Denver defeated Tennessee 51-28, but the lead did not become insurmountable until late. When the Broncs led Philadelphia 42-13 at the end of the third quarter, Manning held a clipboard for the rest of the contest. So, no problem with either of those high-scoring outings. Sunday, Manning should have come out with the Broncos ahead 30-13 and only five minutes remaining: Denver plainly was playing to make sure its star got the touchdown-passes record. (He might sit in the season finale.)

Manning didn't sit. He kept throwing passes in the last game of the season against the Raiders. The Patriots backup quarterbacks appeared in six games in 2007, meaning Brady was pulled six times, while Brock Osweiler appeared in four games this season, meaning Manning was pulled four times. The Patriots did have a huge point differential in 2007 of 315 points compared to the Broncos point differential of 207 points this season though. 

I'd be the first to admit some of the difference in reaction is optics. Belichick snarls at the public; Fox comes across as awe-shucks. Maybe they're both different in private. But no one puts a gun to Belichick's head and forces him to snarl -- he could make an effort to seem grateful for his good fortune.

It's good to know Gregg admits he treats NFL head coaches differently because he simply doesn't like them. That seems fair for a writer to do.

Holding a 15-point lead over Colorado State, Washington State faced second-and-5 with 4:32 remaining, the Cougars went incompletion, incompletion, punt, stopping the clock twice. Colorado State would score the winning points as time expired. Had Washington State simply twice run up the middle for no gain, the Cougars almost surely would have prevailed.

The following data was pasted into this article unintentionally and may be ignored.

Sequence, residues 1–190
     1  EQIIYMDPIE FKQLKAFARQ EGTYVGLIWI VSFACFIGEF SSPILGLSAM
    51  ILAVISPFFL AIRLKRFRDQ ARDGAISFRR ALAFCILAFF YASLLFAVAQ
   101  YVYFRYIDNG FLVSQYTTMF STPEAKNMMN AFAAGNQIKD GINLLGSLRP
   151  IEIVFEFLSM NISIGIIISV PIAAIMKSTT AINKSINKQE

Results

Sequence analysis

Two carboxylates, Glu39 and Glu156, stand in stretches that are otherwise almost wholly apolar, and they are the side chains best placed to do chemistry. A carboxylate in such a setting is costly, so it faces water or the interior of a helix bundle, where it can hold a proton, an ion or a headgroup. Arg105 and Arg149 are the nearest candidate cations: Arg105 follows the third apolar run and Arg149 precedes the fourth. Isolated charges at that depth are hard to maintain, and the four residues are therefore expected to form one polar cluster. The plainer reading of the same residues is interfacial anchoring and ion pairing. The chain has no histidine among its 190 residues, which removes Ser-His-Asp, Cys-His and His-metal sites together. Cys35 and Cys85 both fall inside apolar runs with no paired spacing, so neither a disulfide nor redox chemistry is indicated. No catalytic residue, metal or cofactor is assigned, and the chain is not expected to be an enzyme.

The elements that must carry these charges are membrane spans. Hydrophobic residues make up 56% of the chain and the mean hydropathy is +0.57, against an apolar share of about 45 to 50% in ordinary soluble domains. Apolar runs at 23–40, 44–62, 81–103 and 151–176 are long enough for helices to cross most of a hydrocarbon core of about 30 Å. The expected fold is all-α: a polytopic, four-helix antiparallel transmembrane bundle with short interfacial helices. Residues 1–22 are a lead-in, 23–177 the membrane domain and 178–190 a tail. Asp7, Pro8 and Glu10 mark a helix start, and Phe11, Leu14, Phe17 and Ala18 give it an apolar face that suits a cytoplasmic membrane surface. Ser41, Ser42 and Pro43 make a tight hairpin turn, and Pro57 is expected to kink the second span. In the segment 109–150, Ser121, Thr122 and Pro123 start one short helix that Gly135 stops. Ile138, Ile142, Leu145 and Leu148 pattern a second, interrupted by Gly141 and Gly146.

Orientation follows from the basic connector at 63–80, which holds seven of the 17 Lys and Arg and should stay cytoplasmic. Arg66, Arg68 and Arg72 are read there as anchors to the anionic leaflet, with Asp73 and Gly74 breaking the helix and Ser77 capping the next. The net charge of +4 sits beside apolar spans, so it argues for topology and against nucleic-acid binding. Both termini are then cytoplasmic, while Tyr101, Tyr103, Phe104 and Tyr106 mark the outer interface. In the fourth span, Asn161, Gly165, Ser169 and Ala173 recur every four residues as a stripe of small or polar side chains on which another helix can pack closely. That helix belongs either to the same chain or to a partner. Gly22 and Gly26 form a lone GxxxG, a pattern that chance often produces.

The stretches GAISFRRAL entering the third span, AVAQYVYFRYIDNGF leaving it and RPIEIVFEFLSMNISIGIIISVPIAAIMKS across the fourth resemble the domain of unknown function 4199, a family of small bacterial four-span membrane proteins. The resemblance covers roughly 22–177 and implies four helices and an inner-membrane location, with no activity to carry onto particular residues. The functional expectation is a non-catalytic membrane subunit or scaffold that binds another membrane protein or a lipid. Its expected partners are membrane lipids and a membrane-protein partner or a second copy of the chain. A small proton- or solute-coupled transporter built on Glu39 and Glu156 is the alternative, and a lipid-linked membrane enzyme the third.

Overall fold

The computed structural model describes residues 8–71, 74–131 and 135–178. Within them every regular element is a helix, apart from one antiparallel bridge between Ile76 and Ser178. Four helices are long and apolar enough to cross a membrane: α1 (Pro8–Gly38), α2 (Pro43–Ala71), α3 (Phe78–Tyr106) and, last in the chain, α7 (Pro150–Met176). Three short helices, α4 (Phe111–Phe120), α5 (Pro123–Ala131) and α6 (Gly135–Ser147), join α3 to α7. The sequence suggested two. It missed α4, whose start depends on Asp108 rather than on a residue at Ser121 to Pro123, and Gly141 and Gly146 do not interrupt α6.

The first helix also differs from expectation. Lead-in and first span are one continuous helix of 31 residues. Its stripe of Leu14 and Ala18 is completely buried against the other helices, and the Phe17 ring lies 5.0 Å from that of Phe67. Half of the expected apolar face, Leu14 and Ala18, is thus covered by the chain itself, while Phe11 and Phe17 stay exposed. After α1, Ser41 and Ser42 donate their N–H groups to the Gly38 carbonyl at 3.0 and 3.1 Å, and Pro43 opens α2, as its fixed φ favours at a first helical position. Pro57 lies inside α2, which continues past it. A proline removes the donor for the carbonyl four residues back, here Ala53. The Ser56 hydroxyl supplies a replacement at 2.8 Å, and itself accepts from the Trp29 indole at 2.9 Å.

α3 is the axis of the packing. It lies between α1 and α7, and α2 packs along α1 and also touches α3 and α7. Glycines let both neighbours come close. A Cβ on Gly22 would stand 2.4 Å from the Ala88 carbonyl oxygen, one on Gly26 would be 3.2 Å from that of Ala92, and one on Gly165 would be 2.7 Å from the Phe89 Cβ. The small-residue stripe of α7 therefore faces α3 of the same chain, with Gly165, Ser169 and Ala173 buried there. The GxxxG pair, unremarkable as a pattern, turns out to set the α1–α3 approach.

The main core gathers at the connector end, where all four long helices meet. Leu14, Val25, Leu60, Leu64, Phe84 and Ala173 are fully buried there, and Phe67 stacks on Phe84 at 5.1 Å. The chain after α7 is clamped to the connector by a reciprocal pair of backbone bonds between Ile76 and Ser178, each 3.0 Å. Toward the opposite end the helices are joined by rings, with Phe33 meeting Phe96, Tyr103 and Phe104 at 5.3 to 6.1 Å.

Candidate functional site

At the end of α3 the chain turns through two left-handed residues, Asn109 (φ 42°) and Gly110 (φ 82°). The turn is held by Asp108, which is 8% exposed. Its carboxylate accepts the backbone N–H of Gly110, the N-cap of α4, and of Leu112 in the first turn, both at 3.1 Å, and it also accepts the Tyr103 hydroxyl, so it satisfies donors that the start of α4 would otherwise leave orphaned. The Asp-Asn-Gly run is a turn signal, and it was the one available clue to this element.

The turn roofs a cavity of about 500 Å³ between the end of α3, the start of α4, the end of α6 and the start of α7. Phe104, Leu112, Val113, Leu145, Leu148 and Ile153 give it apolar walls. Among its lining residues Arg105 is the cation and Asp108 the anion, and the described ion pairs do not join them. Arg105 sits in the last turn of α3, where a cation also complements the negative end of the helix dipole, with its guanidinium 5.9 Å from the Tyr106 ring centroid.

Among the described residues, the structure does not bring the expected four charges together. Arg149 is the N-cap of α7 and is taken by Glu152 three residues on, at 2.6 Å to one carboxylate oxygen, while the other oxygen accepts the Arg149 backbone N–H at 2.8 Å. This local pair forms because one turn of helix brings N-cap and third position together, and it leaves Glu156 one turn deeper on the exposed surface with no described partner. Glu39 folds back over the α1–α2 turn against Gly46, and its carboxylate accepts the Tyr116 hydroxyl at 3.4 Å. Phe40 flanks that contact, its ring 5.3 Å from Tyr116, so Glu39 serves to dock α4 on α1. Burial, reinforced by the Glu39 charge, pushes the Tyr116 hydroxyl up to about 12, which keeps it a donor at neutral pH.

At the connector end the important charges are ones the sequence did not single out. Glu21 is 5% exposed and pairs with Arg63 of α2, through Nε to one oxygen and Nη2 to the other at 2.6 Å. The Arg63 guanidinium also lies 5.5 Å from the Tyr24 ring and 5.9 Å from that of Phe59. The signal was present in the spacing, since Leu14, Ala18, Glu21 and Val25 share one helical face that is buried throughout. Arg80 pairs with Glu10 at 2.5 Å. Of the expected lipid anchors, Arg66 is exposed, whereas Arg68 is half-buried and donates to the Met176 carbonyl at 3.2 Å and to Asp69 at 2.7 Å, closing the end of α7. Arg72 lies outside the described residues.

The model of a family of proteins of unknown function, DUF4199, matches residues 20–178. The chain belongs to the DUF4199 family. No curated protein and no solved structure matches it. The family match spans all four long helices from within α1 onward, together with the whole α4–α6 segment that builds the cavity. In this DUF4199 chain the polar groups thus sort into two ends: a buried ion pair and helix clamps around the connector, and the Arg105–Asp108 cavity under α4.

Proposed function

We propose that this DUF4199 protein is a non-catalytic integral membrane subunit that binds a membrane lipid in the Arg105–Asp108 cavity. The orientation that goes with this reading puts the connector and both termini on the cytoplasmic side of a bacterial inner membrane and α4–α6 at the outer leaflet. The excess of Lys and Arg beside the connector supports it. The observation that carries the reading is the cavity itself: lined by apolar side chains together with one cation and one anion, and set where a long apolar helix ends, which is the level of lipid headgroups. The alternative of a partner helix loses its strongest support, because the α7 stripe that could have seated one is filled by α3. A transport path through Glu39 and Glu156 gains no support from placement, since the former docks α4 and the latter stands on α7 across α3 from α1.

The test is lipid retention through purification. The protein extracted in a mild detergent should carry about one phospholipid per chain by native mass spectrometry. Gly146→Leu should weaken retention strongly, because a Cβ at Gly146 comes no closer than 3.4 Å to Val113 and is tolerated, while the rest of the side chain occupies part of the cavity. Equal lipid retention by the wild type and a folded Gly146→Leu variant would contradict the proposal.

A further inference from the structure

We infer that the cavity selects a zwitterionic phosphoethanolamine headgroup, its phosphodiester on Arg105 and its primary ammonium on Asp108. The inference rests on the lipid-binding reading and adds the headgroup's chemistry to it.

Of course if Washington State had run the football to chew up clock and then lost the game because of this Gregg would have pointed out Washington State got the lead by throwing the ball and now has stopped trying to score points. Then he would say THAT is why Washington State lost the game. Also, Washington State not running out the clock isn't why they lost this game. They lost the game because they fumbled three times in the span of three plays. The loss is directly attributable to turnovers, not a failure to run the clock out.

Manly Man Play of the Day: Pittsburgh faced fourth-and-2 on its 44, the Steelers lined up to punt -- fake kicks are most promising on fourth-and-short. The punter completed a nice pass for the first down, touchdown on the possession. One would assume the football gods would favor Green Bay playing in snow; the Steelers got the football gods on their side by this manly-man decision.

This paragraph encompasses almost everything that annoys me about Gregg Easterbrook. Ok, maybe it encompasses 35% of what annoys me. 

Adventures in Officiating: Peter King of MMQB has reported that replay reviews may be moved to a central location, beamed electronically to a league office. This should speed up tedious and lengthy reviews.

Great, Gregg Easterbrook is aware of Peter King. We can't have two lofty, pretentious writers combining to form one super-lofty, pretentious writer. This can't happen. Also, Peter King would argue he isn't "of MMQB" but he is "of MMQB from the web site THE MMQB."

While we're at it, let's make replay review double blind.

Here's what would happen. Review officials would be sitting in an office in New York City, which for NFL purposes is located in New Jersey. A call is challenged at a game. A monitor would light up and show the disputed play -- without telling the replay official what was called on the field.